© NASA/Hrybyk-Keith, Mary P.
Artist's concept of excess left-hand aspartic acid created in asteroids and delivered to Earth via meteorite impacts. The line at the bottom is a chromatogram showing that left-hand aspartic acid (tall peak in the center, with diagram of left-hand aspartic acid molecule on top) was four times more abundant in the meteorite sample than right-hand aspartic acid (smaller peak to the left, with right-handed aspartic acid molecule on top.
New clues have been unveiled that shed light on why living things use only molecules with specific orientations.
Research analyzing meteorite fragments that fell on a frozen lake in Canada is providing strong evidence that liquid water inside an asteroid leads to a preference of left-handed over right-handed forms of common protein amino acids in meteorites.
"Our analysis of the amino acids in meteorite fragments from Tagish Lake gave us one possible explanation for why all known life uses only left-handed versions of amino acids to build proteins," Dr. Daniel Glavin of NASA's Goddard Space Flight Center and lead author of a paper being published in the journal Meteoritics and Planetary Science
, said in a press release.
A meteorite landed on Earth back in January 2000, and because many people witnessed the event, pieces were able to be collected and preserved in their frozen state for research.
"The Tagish Lake meteorite continues to reveal more secrets about the early Solar System the more we investigate it," Dr. Christopher Herd, a co-author on the paper, said. "This latest study gives us a glimpse into the role that water percolating through asteroids must have played in making the left-handed amino acids that are so characteristic of all life on Earth."
Proteins are used in everything from structures like hair to enzymes, and are the catalysts that speed up or regulate chemical reactions. Life uses just 20 different amino acids in a variety of arrangements to build millions of different proteins.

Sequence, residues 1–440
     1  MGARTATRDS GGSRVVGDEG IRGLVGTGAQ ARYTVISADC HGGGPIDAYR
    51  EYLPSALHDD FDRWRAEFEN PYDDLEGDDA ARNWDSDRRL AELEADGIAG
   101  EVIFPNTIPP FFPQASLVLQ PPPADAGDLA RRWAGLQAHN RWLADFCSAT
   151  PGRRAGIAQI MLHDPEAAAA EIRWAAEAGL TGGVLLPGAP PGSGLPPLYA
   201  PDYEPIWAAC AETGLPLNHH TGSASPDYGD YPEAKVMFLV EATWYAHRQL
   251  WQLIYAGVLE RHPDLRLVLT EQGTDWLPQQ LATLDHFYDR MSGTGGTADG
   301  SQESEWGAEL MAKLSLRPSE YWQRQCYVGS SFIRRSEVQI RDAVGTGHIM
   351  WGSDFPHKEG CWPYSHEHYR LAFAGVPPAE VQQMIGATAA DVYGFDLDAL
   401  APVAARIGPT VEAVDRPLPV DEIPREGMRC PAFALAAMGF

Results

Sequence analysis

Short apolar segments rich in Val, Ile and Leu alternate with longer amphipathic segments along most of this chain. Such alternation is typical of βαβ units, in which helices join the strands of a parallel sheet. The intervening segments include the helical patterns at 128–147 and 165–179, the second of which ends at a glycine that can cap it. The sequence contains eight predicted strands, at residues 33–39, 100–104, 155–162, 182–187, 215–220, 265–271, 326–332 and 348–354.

Amino acid molecules can be built in two ways that are mirror images of each other, and although life based on right-handed amino acids would presumably work fine, they cannot be mixed.
"Synthetic proteins created using a mix of left- and right-handed amino acids just don't work," Dr. Jason Dworkin of NASA Goddard, co-author of the study, said.
Because life is unable to function with a mix of left- and right-handed amino acids, scientists are trying to know how life got set up with the left-handed ones.
"The handedness observed in biological molecules - left-handed amino acids and right-handed sugars - is a property important for molecular recognition processes and is thought to be a prerequisite for life," Dworkin said.
The team used the meteorite samples and mixed them into a hot-water solution, then separated and identified the molecules in them using a liquid chromatograph mass spectrometer.
"We discovered that the samples had about four times as many left-handed versions of aspartic acid as the opposite hand," says Glavin.
Aspartic acid is an amino acid that is used in every enzyme in the human body, and is also used to make sugar substitute Aspartame.
"Interestingly, the same meteorite sample showed only a slight left-hand excess (no more than eight percent) for alanine, another amino acid used by life," he added.
He said that at first, the findings did not make sense because if both amino acids come from contamination by terrestrial life, both should have large left-handed excesses.
"However, a large left-hand excess in one and not the other tells us that they were not created by life but instead were made inside the Tagish Lake asteroid," Glavin said.